The heartbreaking tug-of-war to save little Chase

Four-year-old Chase Walker-Steven has severe epilepsy and quadriplegic cerebral palsy. He can’t walk or talk but the struggle to save the life of this little boy is at the centre of tug of war between traditional and alternative treatments.

Chase feeds through a tube and regularly has intense and severe seizures.

In a Sunday Night investigation Chase’s parents, Jacinda ‘Cini’ Walker and Marc Steven, revealed that after years of putting their faith in traditional medicine they had come to the conclusion their child was getting worse, not better.

“They had him on the wrong foods, he was on the wrong medication,” Cini told reporter Alex Cullen.

Chase, 4, is at the centre of a heartbreaking tug-of-war to save his life.

Desperate to give their little boy his best chance of survival, the Brisbane couple went in search of an alternative treatment and turned to the controversial Church of Ubuntu in Newcastle.

Following the advice of charismatic church leader, BJ Futter, Chase was put on an organic diet and given doses of cannabis oil.

The Church also put Cini and Marc in contact with its controversial consultant; deregistered doctor Andrew Katelaris – known as ‘Dr Pot’.

Cini and Marc firmly believe conventional medicines were making their son worse.

Dr Pot also suggested giving Chase cannabis oil that contains psychoactive ingredient THC at least four times a day.

Cini and Marc claim they immediately saw an improvement in their son.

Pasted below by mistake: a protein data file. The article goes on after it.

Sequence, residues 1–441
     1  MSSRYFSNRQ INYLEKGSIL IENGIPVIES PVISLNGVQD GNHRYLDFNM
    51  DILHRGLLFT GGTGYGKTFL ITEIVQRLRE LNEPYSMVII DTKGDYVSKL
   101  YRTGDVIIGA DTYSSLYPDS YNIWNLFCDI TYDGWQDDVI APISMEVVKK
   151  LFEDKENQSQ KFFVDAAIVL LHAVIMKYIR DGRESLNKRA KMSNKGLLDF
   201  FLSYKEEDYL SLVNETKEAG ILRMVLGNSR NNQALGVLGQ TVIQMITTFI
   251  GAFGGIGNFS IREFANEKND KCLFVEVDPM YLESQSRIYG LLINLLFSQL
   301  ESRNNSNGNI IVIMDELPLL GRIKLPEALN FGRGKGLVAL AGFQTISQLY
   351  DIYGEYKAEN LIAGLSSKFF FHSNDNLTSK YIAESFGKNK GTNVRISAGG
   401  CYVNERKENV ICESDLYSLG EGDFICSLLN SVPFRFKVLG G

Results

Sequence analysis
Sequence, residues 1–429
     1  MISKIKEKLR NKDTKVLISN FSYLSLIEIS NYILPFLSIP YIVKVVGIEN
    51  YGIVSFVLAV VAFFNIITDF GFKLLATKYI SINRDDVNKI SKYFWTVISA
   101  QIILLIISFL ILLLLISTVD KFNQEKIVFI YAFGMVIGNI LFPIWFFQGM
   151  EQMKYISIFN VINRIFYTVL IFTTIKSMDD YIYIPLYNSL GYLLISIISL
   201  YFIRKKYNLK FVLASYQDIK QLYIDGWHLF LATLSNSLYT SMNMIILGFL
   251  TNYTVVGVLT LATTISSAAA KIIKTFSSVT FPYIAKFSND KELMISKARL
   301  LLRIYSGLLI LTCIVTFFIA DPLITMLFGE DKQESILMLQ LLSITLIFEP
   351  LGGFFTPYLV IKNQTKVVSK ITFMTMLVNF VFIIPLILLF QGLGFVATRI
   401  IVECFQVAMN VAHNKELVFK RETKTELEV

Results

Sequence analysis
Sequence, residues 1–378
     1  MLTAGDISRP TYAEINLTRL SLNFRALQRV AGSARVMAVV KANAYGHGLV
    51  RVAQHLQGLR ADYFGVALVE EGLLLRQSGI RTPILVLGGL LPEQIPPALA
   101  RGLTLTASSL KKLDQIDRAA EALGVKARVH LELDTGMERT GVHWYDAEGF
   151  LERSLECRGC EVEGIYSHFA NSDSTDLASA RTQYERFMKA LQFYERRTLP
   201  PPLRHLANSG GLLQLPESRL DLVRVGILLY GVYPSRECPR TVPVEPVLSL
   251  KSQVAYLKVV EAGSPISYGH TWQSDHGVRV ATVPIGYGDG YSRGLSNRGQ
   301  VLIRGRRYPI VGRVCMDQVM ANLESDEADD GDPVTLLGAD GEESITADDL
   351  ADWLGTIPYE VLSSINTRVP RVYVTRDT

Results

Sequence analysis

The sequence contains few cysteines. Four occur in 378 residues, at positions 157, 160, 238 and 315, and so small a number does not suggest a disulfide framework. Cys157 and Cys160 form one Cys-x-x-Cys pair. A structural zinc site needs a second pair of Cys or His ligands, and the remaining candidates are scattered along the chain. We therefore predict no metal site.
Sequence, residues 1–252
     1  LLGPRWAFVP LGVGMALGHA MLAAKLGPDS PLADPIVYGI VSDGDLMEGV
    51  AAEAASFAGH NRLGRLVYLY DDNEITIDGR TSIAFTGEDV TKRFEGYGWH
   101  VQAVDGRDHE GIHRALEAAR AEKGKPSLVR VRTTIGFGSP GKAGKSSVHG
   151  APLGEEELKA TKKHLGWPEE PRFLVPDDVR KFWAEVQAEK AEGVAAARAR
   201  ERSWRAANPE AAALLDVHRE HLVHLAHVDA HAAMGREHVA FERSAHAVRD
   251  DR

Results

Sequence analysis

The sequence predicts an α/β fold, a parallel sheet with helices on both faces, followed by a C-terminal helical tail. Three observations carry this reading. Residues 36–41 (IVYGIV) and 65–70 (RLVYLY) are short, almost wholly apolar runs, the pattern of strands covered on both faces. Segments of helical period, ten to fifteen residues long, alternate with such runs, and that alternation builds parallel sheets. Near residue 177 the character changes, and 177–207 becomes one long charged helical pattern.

“I just instantly see him change. You see him start looking like he can concentrate his eyes,” Cini said.

“He certainly seems a lot more responsive in the last few days and a lot less traumatized,” Dr Pot claimed.

Deregistered doctor Andrew Katelaris give Chase a dose of cannabis oil.

But a month ago, during a routine medical examination at the Lady Cilento Hospital in Brisbane, doctors advised Cini and Marc that they needed to admit Chase for urgent medical treatment.

They were alarmed at Chase’s dramatic weight loss. In a matter of months he had gone from 22 kilograms to just over 11 after switching to an all-organic diet.

Instead of admitting their son to hospital, Cini and Marc packed up the family and drove 800 kilometres south to Newcastle to the Church of Ubuntu.

'We're not turning back': Cini said she will always fight for her son.

Chase’s life expectancy is unknown, but Marc and Cini believe they’re doing the best they can to ensure he has the longest and most fulfilling life possible.

“That’s why we’re not turning back, there’s no way I’m going to go backwards. It’s why we’ll keep fighting because we don’t care what other people think and they think we’re wrong,” Cini said.

“We’ve seen the worst of Chase, you know, to see him now it’s completely different.”